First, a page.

When you develop a training program, there are usually two learning approaches that you have to consider: learner-centric and content-oriented. Since each comes with its own benefits and drawbacks, striking a balance between the two is usually ideal. However, that can be easier said than done.
If you want to make sure you balance learner-centric and content-oriented training methods, here’s what you need to know.
What is Learner-Centric Training?
Learner-centric learning is a highly engaging and collaborative approach to learning. Those who are participating in the training may participate in discussions, work together on modules, and ask questions when the need arises. While independent tasks can certainly be part of the process, learning is more lively and fluid when using this method as those who are taking part have some control over the direction of the lesson.
What is Content-Oriented Training?
Content-oriented training differs greatly from the learner-centric approach. Usually, the topic being taught takes center stage, and students either work independently to learn the information or remain focused on a single instructor who is presenting the content.
This learning method is significantly less collaborative and provides fewer moments to ask questions or gain additional guidance. Instead, it is material-focused and more regimented, like relying on an online presentation to discover the information, reading text and looking over images to grasp the concept.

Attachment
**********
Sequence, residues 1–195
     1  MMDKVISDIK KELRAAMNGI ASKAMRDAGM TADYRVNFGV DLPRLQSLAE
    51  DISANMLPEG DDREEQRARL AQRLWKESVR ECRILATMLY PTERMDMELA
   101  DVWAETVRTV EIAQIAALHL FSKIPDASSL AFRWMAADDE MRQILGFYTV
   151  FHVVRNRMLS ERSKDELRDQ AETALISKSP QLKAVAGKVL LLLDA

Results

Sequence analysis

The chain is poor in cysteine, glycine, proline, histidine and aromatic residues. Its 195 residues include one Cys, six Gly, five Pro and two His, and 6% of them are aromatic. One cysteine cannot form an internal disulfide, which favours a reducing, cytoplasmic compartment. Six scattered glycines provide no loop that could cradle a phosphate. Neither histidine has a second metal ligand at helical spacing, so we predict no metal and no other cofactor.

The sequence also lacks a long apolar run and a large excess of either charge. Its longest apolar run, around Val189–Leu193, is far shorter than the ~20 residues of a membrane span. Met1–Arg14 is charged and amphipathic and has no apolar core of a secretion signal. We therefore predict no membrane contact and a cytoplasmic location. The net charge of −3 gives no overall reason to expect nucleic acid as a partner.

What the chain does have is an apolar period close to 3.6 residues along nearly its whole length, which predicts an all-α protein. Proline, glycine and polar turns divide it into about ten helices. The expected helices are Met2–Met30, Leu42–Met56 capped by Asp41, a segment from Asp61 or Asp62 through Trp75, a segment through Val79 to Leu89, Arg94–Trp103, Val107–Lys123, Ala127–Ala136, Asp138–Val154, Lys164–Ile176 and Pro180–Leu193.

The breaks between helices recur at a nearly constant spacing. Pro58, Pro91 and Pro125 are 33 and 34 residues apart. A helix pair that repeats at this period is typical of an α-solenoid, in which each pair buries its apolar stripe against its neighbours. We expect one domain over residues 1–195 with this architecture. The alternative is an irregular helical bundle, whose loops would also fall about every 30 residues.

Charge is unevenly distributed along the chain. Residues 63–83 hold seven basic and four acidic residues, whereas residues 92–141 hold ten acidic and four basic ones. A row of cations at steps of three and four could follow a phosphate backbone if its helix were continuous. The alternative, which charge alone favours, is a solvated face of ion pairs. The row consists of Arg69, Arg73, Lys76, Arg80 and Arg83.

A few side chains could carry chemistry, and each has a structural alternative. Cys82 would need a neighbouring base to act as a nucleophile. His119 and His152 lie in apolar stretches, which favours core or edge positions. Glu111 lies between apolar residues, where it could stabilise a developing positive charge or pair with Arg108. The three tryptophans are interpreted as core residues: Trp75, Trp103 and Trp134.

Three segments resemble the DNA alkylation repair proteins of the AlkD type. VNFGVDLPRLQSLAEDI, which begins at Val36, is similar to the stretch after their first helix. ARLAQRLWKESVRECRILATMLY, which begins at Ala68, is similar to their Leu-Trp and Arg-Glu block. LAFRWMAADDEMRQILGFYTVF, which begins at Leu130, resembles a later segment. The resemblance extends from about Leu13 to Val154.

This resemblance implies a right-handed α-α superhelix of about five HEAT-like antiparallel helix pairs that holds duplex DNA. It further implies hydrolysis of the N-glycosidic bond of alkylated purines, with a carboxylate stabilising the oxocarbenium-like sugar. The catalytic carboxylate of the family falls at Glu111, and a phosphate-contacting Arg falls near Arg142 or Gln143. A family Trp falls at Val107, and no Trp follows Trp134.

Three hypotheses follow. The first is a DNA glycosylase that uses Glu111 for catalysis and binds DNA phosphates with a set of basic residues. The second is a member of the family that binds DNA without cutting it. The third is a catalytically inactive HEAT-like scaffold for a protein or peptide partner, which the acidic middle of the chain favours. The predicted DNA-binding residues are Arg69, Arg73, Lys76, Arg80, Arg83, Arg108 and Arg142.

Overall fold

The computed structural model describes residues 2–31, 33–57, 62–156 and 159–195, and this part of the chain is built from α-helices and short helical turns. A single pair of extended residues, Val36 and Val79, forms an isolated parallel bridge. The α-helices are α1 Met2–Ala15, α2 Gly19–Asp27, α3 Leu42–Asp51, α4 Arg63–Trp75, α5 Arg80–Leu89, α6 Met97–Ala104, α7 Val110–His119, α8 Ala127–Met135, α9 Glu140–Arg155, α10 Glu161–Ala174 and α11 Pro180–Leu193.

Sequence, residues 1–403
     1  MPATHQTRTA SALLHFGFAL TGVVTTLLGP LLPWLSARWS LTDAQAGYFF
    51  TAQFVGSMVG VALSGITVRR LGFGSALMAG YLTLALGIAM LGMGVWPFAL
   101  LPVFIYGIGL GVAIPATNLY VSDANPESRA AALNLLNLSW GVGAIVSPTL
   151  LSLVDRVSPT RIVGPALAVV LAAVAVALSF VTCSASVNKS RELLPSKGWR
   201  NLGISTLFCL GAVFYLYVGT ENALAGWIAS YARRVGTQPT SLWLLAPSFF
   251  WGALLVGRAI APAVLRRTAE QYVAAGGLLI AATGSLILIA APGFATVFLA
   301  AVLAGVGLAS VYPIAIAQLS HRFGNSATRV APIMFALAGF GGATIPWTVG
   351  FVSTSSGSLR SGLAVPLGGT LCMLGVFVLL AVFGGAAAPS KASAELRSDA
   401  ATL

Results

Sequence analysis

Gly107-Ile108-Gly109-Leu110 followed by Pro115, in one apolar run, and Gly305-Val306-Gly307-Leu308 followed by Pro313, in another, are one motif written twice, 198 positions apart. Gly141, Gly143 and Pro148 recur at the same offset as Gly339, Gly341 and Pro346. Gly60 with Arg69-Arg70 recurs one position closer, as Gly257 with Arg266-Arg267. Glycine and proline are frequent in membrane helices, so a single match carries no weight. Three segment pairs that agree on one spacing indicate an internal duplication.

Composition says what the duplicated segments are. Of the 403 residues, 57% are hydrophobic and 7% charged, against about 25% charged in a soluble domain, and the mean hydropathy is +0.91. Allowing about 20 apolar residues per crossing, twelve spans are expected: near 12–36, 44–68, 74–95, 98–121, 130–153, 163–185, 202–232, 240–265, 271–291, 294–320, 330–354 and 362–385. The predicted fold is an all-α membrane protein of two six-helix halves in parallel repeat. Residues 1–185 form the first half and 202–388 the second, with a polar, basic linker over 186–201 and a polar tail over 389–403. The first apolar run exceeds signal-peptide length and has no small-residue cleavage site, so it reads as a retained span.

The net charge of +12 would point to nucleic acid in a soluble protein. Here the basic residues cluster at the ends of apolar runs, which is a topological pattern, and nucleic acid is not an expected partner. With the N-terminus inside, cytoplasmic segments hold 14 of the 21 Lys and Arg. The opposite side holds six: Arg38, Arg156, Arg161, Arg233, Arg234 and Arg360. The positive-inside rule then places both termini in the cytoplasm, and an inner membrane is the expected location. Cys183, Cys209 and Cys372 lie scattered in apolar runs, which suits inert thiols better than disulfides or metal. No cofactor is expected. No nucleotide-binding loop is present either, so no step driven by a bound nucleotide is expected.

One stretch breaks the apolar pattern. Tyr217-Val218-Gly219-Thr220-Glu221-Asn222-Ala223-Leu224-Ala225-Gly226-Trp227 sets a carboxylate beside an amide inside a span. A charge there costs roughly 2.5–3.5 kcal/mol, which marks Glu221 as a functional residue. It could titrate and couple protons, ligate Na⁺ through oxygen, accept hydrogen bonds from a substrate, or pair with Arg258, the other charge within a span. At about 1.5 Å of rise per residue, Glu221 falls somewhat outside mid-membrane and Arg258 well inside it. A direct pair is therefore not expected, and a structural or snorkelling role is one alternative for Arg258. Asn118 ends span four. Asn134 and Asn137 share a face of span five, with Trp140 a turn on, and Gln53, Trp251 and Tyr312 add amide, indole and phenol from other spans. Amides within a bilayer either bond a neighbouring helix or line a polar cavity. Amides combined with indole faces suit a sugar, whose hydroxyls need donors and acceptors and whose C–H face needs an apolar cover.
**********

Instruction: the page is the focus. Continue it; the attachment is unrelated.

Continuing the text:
How to Find a Balance
Finding a balance between learner-centric and content-oriented training can seem tricky on the surface. However, that doesn’t mean it is impossible.
One of the easiest ways to begin is to consider the nature of the information. Some training is highly fact-based, and memorization is the bigger goal. In these instances, a content-oriented approach can be appropriate as a lack of subjectivity makes the rigid method suitable.
When analysis is a critical part of the learning objective, learner-centric is usually best. Similarly, if there are subjective points to consider or if collaboration can enhance the experience, being learner-centric can be beneficial.
However, learner-centric approaches require more coordination. Since participants need more access to each other and the instructor, the participation schedule may need to be stricter, ensuring everyone is taking part at the same time. While a learner-centric model can be used for computer-based learning, resources like chatroom or forums would be necessary to encourage discussion.
Ultimately, the nature of the material should guide your decision when it comes to selecting a training method. That way, the information is delivered in a way that suits the topic best, ensuring your employees get the ideal experience.
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